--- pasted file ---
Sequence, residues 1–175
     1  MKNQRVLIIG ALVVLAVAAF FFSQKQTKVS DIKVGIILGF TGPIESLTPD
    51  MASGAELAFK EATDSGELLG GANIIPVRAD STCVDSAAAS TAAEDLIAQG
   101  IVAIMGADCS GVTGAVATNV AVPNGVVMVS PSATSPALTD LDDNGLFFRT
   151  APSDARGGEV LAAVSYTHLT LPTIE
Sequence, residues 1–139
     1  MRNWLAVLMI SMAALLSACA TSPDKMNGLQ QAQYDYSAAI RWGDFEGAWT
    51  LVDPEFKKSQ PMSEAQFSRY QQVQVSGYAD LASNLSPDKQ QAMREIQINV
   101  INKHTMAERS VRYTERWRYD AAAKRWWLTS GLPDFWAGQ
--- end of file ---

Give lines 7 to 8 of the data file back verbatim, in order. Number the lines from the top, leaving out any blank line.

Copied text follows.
     1  MRNWLAVLMI SMAALLSACA TSPDKMNGLQ QAQYDYSAAI RWGDFEGAWT
    51  LVDPEFKKSQ PMSEAQFSRY QQVQVSGYAD LASNLSPDKQ QAMREIQINV